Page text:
Rabat - After finding himself in an eye of the storm, former Salafi detainee Mohamed Abdelouahab Rafiki – better known as Abou Hafs – has publicly defended inheritance equality between men and women in Islam, calling for an open dialogue on the issue in Morocco.
Rabat – After finding himself in an eye of the storm, former Salafi detainee Mohamed Abdelouahab Rafiki – better known as Abou Hafs – has publicly defended inheritance equality between men and women in Islam, calling for an open dialogue on the issue in Morocco.
Debate on the controversial topic has emerged yet again following the release of a book titled “Men Defend Inheritance Equality” by 100 well-known Moroccan public figures, including Abou Hafs, Tahar Ben Jelloun and Fouad Laraoui.
Abou Hafs, who was previously jailed because of his connection with the deadly Casablanca terror attacks on May 16, 2003, uploaded a video to his website Al Mizane’s Facebook page to respond to criticisms he received following his defense of inheritance equality on 2M’s “Hadith Maa Sahafa” (Discussion with Press) last Sunday.
In the video, Abou Hafs notes the wide and often harsh reactions to the show’s discussion, including some that called his views on inheritance in Islam were “blasphemy”.
Equality Beyond Islam
In response to his critics, Abou Hafs emphasizes that his views gender equality come straight from Islam.
“I do not personally have a problem,” he says. “I consider equality is one of the values that the religion of Islam came with, or rather the revolution that the Islam came with by calling on the gender equality.”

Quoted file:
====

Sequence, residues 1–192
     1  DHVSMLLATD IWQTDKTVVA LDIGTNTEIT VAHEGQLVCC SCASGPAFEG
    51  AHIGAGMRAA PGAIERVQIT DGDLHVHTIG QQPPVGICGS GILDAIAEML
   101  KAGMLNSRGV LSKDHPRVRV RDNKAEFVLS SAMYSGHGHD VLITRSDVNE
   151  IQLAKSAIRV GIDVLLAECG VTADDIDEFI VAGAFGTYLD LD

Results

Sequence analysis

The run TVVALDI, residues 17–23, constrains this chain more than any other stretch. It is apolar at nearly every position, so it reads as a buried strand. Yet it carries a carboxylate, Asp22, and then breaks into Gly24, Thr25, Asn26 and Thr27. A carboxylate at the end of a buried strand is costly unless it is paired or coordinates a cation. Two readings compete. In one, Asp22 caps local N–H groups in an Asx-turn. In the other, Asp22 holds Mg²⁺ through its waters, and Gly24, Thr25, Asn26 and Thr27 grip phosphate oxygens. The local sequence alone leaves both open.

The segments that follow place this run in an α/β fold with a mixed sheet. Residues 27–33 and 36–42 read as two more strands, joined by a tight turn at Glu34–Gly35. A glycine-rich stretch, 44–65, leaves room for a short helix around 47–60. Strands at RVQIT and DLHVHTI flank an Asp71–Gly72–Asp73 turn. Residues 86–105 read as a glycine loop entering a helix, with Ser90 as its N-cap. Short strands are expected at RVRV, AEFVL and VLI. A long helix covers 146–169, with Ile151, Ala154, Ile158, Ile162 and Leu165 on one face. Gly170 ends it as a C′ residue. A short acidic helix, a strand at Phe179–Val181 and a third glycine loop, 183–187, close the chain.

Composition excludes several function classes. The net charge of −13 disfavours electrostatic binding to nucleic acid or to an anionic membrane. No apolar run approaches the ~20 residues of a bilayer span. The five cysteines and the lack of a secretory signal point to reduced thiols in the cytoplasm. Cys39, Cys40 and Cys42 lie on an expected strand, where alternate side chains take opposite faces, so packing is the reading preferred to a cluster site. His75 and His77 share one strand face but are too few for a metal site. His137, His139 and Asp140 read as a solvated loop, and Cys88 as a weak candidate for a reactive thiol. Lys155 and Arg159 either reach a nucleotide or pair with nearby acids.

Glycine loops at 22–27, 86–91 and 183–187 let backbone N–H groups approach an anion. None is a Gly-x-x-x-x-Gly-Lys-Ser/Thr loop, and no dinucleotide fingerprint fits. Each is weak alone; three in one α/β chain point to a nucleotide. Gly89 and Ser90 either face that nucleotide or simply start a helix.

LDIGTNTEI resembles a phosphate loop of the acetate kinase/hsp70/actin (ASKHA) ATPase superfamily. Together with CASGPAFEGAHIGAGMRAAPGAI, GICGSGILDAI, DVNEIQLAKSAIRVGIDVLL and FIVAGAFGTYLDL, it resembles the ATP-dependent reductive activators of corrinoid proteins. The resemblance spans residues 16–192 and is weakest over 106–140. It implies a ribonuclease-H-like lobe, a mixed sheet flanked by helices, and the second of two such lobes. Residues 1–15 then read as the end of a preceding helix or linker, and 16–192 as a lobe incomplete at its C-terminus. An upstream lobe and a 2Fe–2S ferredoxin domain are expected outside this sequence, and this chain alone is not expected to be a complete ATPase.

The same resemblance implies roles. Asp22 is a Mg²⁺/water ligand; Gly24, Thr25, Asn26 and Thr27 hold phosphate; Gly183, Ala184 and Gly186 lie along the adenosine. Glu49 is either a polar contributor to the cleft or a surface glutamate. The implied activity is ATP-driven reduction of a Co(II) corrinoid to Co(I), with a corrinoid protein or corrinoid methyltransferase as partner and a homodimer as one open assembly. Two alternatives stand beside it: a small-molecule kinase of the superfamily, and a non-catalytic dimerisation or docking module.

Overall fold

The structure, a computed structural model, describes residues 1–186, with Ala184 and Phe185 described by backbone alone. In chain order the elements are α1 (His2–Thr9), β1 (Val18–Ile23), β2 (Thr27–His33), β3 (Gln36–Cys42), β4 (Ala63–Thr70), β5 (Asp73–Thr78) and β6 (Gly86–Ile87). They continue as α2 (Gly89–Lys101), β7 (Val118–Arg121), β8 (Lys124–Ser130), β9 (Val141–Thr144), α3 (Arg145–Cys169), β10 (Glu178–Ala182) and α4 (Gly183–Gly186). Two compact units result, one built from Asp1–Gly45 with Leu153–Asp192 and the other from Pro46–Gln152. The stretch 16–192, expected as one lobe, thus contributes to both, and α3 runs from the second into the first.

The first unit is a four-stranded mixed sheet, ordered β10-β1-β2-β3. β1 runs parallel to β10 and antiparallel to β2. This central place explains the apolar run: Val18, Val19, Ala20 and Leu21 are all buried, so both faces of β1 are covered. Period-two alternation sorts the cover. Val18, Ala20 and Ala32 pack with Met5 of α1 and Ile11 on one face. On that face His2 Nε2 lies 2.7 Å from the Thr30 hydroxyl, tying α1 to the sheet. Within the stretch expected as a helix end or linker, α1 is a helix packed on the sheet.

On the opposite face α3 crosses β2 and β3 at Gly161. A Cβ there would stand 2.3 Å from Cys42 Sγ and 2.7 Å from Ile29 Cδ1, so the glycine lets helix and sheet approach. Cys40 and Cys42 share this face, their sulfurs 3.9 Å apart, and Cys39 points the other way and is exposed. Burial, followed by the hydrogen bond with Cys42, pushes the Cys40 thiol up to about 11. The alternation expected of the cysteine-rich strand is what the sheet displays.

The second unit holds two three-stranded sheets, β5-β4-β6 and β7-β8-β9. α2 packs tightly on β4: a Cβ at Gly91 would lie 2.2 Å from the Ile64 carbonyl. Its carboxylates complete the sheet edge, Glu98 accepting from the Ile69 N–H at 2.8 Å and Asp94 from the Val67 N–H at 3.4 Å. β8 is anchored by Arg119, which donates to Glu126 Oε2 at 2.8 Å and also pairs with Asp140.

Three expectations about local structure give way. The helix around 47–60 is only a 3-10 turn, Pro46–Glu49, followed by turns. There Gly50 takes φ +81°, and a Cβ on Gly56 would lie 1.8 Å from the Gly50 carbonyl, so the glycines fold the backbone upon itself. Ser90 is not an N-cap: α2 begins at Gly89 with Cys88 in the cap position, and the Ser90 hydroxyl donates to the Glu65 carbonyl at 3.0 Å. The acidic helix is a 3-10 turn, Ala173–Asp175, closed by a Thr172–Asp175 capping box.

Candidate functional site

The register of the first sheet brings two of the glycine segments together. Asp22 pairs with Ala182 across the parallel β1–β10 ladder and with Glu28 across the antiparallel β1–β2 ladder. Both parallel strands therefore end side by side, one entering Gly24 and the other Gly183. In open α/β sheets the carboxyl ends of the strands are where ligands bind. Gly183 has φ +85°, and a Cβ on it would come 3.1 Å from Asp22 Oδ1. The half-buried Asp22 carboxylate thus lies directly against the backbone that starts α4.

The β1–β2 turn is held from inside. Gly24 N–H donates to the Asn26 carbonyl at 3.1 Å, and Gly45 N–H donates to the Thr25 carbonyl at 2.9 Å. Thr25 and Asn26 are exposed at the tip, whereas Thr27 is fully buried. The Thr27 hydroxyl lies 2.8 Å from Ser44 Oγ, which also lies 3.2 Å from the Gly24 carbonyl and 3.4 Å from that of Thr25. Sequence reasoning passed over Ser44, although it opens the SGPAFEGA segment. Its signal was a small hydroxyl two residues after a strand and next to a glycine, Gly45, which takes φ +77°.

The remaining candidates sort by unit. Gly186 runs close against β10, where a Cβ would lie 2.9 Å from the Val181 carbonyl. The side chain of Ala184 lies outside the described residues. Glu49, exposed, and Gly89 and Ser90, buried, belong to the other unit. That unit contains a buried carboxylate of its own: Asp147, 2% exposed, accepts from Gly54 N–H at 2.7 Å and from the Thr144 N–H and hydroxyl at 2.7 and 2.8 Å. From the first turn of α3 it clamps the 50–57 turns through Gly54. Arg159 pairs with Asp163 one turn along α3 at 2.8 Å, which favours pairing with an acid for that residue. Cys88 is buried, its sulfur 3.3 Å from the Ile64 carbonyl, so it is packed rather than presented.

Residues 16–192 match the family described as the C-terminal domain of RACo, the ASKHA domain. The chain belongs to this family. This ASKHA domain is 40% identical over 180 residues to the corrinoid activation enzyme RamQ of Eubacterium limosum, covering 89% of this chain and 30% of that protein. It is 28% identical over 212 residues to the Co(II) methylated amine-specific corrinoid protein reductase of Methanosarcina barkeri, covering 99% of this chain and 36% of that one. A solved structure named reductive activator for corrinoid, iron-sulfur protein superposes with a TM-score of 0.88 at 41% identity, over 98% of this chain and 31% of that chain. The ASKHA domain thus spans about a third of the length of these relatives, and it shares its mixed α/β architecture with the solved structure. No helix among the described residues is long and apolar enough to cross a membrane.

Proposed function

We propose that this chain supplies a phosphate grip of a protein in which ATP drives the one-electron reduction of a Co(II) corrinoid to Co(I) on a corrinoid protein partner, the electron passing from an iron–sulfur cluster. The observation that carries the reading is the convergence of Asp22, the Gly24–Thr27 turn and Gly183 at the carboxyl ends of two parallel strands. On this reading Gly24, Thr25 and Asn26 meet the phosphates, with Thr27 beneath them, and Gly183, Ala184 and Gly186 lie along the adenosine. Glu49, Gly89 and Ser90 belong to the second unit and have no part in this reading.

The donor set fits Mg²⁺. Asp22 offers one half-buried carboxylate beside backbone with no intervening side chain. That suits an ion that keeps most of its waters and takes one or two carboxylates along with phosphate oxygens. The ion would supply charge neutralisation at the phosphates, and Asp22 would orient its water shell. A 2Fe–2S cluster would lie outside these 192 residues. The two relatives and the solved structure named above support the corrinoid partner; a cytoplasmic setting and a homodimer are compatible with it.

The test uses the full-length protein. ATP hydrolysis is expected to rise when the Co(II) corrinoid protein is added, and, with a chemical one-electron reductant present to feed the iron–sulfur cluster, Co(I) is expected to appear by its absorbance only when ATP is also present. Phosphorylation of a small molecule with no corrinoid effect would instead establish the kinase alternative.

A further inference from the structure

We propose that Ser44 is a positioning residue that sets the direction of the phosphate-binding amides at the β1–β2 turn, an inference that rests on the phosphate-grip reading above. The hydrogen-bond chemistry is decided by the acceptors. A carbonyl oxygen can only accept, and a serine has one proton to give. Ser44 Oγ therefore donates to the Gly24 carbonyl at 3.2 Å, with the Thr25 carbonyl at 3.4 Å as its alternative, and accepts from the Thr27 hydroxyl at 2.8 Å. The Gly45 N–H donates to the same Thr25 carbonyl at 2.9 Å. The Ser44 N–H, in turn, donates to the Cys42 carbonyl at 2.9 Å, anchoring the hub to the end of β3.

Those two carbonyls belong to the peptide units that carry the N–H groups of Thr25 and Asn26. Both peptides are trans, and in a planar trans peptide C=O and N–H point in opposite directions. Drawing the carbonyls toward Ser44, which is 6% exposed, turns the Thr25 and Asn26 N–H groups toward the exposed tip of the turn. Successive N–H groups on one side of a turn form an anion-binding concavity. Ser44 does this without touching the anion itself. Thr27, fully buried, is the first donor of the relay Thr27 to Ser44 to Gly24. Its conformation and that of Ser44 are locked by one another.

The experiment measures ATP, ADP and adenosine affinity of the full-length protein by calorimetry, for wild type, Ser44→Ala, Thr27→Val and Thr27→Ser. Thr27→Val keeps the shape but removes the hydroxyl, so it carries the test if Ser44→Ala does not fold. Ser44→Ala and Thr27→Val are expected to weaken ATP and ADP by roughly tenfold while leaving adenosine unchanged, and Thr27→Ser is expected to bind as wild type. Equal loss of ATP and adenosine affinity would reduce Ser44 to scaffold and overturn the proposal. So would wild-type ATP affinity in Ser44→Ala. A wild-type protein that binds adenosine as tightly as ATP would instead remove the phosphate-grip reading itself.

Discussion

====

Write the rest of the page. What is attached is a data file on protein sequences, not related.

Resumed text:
Abou Hafs, who appears unruffled despite the huge amount of criticism he since received on social media, goes on to note that he is not ready yet to call for inheritance equality in Morocco.
“Why I am nowadays don’t call for inheritance equality between men and women, because I know that the issue is complicated because it is related to the systematic structure of the family and the other problem that is related to it [family] such as custody and adoption,” he says.
Abou Hafs said that the current problem his critics is that they do not even allow other people to talk about the issue.
Raising his hand in the video, Abou Hafs asks the people who object discussion of inheritance. “What does make you afraid?” he asks. “What frightens you so as to not allow people to discuss this topic?”
Why Should We Discuss Inheritance Equality?
Abou Hafs stresses that he personally advocates for an open, public discussion about inheritance equality.
“Simply, the judgments of inheritance that are based on Quranic verses and Hadiths date back to an old era. They were revealed in another social context – which today has changed, – and social [gender] roles are currently different to the ones of that era,” he says. “The role of man has been changed and the role of woman as well.”
Abou Hafs goes on to note that the role of woman nowadays is also responsible for the charges of household expenses and he emphasizes the need to consult experts to understand how women’s roles have changed.
To conclude his video, Abou Hafs suggests to bringing all the debate’s parties, including preachers and sociologist, together to rationally discuss the issue without of bigotry or extremism.
“This dialogue should be conducted by the state and institutions. But while we are awaiting it to be opened, why will not discuss the issue by filming videos and writing columns?